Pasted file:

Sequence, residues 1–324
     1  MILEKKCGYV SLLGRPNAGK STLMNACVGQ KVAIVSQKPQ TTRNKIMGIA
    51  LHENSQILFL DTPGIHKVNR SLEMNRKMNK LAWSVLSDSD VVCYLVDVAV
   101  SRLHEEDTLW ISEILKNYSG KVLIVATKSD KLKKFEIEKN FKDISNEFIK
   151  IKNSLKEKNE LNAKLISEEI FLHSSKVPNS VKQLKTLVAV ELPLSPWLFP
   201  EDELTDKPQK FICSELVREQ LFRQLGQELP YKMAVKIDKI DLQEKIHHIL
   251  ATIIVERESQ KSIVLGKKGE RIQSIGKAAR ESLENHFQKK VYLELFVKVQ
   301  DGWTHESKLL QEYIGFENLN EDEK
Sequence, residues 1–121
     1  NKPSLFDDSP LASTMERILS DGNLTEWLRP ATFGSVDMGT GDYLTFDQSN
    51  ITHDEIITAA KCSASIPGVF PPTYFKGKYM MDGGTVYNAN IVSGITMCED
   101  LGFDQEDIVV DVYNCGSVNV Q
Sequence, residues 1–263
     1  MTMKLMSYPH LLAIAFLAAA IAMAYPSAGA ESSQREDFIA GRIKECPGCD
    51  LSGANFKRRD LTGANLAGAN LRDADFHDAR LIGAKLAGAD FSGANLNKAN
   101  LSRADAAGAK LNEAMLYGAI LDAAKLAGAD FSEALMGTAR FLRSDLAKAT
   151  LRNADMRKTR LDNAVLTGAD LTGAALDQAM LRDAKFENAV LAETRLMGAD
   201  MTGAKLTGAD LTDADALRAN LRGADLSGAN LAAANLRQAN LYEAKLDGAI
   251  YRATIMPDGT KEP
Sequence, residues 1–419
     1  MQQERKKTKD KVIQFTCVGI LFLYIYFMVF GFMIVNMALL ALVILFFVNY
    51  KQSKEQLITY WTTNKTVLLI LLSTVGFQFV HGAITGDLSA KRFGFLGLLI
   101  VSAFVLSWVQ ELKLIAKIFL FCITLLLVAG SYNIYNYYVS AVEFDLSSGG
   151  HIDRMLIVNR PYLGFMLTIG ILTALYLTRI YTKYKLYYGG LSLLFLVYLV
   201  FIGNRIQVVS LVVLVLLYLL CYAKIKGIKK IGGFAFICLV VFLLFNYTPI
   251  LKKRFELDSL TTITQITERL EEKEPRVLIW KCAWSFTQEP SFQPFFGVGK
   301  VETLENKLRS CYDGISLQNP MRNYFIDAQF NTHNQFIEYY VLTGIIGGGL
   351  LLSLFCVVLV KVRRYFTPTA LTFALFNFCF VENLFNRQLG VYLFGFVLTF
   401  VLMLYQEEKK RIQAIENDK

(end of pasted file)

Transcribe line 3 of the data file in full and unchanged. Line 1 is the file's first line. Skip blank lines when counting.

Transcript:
    51  LHENSQILFL DTPGIHKVNR SLEMNRKMNK LAWSVLSDSD VVCYLVDVAV